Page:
Then introduce the on-going Reading Project. The introduction of the Reading Project, if planned well, can take up a whole two-hour lesson. To share this activity with teachers and teaching professionals, a detailed description of how this Reading Project can be introduced and managed is given below.


Introduction of the Reading Project

1.      Set aside a two-hour lesson.

2.      Prior to the lesson, ask each student to purchase a copy of the Sunday edition of the newspaper which you wish to use.

3.      At the start of the lesson, encourage the students to browse through the newspapers. While they are doing this, take the opportunity to introduce the various sections - headlines, national news, foreign news, business section, editorial page, letters to the editor, feature articles, classified/unclassified advertisements as well as the various supplements on computers, youth and education.

4.      Then tell them to put aside the newspaper. Do a listening activity. As you read, ask the students to take down notes relevant to the headlines.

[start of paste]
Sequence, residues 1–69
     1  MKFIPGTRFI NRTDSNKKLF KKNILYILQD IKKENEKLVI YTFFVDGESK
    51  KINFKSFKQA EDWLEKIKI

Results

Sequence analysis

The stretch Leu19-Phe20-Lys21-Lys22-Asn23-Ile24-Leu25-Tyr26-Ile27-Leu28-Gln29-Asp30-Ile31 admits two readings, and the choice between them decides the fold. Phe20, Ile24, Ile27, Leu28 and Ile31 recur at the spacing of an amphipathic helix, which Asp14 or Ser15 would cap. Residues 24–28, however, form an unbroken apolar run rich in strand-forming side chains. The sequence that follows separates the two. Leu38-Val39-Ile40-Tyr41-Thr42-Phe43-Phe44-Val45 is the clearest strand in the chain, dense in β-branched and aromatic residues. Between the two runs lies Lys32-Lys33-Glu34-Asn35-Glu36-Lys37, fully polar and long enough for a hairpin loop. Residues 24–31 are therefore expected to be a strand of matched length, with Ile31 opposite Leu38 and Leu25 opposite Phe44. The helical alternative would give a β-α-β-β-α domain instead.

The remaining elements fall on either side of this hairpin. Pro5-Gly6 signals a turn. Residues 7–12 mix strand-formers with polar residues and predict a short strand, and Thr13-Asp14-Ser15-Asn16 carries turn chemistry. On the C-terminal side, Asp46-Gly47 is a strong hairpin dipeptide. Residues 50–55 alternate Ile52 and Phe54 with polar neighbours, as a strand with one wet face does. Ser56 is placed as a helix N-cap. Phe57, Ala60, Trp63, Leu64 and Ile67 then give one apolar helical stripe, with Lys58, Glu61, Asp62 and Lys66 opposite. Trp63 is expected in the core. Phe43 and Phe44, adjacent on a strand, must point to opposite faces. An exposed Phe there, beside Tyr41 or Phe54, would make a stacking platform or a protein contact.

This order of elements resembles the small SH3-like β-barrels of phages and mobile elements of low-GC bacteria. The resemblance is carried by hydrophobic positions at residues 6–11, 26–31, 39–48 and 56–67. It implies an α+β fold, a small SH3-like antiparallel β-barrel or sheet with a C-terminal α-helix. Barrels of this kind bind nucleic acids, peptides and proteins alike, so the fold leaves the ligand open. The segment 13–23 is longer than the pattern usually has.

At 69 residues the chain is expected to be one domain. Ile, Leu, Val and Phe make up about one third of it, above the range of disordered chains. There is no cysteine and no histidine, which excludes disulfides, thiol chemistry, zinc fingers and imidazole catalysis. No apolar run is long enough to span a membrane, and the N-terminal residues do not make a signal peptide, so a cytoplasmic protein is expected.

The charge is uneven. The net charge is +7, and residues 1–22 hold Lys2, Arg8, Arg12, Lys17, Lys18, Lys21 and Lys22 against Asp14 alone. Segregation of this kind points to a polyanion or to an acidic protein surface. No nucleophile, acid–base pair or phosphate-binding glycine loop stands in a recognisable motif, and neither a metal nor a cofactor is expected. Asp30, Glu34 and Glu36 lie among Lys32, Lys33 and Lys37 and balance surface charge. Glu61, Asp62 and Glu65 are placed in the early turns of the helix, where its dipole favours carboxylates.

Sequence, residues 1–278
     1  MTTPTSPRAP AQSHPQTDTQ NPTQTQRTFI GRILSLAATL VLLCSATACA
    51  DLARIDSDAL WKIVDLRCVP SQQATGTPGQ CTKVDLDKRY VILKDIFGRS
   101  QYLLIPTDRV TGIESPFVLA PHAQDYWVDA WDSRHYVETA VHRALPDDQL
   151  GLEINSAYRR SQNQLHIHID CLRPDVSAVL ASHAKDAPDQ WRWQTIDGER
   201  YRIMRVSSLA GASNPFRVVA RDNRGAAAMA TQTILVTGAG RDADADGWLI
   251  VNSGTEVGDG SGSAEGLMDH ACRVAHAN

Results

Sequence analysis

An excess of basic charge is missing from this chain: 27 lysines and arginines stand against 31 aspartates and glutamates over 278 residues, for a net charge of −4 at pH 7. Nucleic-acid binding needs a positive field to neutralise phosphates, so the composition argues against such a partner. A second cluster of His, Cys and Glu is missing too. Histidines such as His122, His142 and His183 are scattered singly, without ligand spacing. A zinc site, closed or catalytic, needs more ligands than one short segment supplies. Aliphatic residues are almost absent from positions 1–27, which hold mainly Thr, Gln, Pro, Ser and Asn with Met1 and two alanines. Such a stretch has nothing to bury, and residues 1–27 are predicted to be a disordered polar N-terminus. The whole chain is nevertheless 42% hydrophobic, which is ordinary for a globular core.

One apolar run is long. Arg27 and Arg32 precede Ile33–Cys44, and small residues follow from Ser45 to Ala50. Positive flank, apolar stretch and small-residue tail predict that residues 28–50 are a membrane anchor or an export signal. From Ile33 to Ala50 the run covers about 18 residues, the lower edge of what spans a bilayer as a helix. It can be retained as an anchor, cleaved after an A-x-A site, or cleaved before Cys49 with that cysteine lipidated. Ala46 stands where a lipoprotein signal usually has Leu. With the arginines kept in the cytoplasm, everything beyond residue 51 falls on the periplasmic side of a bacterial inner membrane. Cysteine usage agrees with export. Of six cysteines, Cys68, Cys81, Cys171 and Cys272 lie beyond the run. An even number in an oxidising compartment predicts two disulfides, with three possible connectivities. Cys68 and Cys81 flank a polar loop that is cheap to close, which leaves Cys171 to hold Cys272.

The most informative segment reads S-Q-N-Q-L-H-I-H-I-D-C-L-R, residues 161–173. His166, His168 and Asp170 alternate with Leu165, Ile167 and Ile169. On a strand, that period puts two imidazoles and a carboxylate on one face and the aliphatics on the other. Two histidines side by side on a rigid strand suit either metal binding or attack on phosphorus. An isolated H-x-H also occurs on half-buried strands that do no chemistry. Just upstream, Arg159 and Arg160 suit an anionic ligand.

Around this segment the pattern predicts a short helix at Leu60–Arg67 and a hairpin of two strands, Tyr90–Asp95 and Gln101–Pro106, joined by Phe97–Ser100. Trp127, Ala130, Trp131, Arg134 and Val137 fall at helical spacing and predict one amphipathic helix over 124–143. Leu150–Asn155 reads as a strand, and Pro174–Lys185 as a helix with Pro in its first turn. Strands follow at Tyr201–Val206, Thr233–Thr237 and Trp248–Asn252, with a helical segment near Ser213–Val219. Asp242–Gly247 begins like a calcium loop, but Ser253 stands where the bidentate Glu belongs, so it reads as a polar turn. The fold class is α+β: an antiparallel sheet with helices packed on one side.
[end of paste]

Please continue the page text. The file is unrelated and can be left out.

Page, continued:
5.      To do this, select a simple news report from the copy you are holding and read it aloud to them at a fairly slow pace, taking the time to emphasize the main details - the where, why, when, what, who of the report. It is recommended that you read it twice. For the benefit of the less proficient students, select a report on an accident or an incident which contains specific details.

6.      After the students have taken down short notes, use elicitation techniques to get them to help you build up a mind map of the details in the news report. Put it on the whiteboard. Then using this mind map, orally present the news report to the students.

7.      Get the students to copy the mind map and then write a short report using the details. If you have a large class, you could get them to work in pairs or in groups of four.